Les Militantes at Guerlain A multigenerational, international group show of pioneering women artists at its flagship boutique in Paris

For its 15th exhibition, Guerlain has turned to the theme of women’s activism for a group exhibition in Paris titled ‘Les Militantes’, coinciding with the inaugural edition of Paris+ par Art Basel. Though wide-ranging in age, nationality, media and theme, the 21 featured artists are united by activism – sometimes radical, sometimes subtle, but consistently thought-provoking. 

The show doesn’t hold back in offering a mirror to the myriad issues that now bind contemporary society. It spotlights artists, who, since the mid-20th century have fearlessly confronted the problems plaguing their times – from racial injustice to gender inequality and the very palpable climate emergency. 

The show pairs the work of legendary 20th-century titans such as Niki de Saint Phalle, Louise Bourgeois, Kiki Smith and Etel Adnan with leading mid-career artists and emerging talent such as Zanele Muholi, Francesca Pasquali, Thu Van Tran, Min Zhang and Jeanne Vicerial

It was important to mix well-known artists like Louise Bourgeois, Nikki Saint Phalle and Kiki Smith with young, emergent artists because Guerlain, at the beginning and in each generation since, has discovered new talent. We want to do the same.’ 

Jeanne Susplugas, “La Maison malade” (1999-2022), Vue: Musée Fabre, 2020Courtesy Jeanne susplugas. Photography Brice Pelleschi

Jeanne Susplugas, “La Maison malade” (1999-2022) Musée Fabre, 2020 Courtesy Jeanne susplugas Photography Brice Pelleschi

Among the standout works in the show are Jeanne SusplugasLa Maison malade (1999 – 2022), installed on the lower ground floor of the boutique. A greenhouse erupts with a chaotic array of pharmaceutical packaging, a commentary on the sickness of western society, the excessive consumption of medicine, and our perpetual battle to achieve wellness.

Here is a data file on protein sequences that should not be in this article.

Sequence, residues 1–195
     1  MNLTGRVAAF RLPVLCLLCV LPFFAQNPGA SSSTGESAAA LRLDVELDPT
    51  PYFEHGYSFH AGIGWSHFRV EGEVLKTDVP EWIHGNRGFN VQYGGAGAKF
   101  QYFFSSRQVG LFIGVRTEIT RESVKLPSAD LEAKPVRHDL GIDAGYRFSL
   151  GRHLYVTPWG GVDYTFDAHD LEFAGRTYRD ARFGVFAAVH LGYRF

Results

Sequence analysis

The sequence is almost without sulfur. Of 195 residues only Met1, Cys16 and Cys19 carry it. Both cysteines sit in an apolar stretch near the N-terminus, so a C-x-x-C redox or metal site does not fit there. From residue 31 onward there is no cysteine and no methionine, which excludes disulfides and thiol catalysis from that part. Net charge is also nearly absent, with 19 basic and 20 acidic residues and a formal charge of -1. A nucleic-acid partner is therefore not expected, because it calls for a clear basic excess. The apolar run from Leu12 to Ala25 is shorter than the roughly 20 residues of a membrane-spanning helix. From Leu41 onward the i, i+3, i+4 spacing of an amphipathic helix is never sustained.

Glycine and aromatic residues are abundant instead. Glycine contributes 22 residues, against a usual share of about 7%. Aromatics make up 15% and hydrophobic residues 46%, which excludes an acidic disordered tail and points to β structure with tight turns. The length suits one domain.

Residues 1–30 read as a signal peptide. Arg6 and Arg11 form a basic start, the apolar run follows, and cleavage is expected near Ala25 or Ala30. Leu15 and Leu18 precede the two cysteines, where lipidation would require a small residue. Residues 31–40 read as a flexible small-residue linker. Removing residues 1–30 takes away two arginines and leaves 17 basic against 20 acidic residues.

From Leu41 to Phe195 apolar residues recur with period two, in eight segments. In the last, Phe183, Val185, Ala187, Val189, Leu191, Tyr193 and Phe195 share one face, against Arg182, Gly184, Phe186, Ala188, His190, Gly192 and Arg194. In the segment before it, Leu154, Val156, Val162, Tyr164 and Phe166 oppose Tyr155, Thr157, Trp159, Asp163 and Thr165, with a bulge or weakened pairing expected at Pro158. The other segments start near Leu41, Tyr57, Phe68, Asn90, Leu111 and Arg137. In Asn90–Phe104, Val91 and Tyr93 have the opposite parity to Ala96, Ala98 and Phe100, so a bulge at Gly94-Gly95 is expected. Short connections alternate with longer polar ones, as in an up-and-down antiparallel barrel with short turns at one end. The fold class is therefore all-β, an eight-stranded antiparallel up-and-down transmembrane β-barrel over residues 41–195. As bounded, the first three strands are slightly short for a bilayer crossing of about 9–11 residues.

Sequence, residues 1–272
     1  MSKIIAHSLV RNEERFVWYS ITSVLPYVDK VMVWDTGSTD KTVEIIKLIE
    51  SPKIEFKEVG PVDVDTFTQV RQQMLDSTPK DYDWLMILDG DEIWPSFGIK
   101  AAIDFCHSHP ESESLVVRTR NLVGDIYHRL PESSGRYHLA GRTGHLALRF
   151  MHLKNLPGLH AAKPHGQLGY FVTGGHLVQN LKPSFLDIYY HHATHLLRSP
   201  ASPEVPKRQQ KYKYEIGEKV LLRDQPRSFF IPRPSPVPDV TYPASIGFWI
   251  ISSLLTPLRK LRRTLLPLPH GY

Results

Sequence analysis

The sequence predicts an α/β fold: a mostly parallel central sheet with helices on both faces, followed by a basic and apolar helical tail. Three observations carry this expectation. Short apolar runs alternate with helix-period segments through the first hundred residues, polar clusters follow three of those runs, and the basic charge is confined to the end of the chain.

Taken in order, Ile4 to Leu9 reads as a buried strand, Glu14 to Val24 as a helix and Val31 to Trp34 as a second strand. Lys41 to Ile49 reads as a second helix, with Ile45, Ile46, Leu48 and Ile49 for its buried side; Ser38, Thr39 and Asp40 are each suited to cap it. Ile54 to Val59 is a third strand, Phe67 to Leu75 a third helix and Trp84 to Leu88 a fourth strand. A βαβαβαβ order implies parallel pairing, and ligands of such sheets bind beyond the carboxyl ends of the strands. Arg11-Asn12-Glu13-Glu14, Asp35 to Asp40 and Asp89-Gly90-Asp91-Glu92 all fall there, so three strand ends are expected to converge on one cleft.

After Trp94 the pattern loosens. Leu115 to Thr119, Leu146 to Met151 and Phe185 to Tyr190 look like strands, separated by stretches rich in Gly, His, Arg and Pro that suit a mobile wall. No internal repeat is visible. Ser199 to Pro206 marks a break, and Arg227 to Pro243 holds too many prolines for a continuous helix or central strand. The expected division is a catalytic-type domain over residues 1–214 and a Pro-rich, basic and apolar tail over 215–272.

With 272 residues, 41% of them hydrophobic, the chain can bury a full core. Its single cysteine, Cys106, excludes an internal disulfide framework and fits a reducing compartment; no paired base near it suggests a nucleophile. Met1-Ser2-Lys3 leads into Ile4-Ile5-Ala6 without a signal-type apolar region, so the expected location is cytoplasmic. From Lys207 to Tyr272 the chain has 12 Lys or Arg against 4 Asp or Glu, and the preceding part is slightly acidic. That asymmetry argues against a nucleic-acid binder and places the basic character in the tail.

Eléa-Jeanne Schmitter’s arresting photograph depicts a nude female torso whose breasts are distorted by what could be at first glance some kind of Japanese shibari bondage rope but, as you get closer, is actually a car seat belt. Schmitter’s work comments on the many elements of daily life designed by men for the benefit of other men.

“There are so many daily microaggressions we don’t even notice,” explains Schmitter as we stand on the Guerlain marble staircase, contemplating her work. “Before I started this work I wasn’t aware of how so many spheres of healthcare or design were constructed in a way that excludes women. And I was so shocked because I didn’t realise these things were so present in our daily routine in very tiny details that can become super dangerous.”

In her work “Fasten” (2020), Schmitter draws our attention to the innate sexism of the standardised seat belt – a device designed solely for the safety and comfort of 40-year-old men weighing 70 kg (despite the fact that, although men are more involved in road accidents than women, women are 47 per cent more likely to be injured and 17 per cent more likely to die).

Schmitter explains that female test dummies were introduced to the market in 2010, but they are still not compulsory for car designers and are still almost entirely absent from study data. She adds wryly, “And of course when they are used, they are placed in the passenger seat.”

Le Militants is running at Maison Guerlain until November 14 2022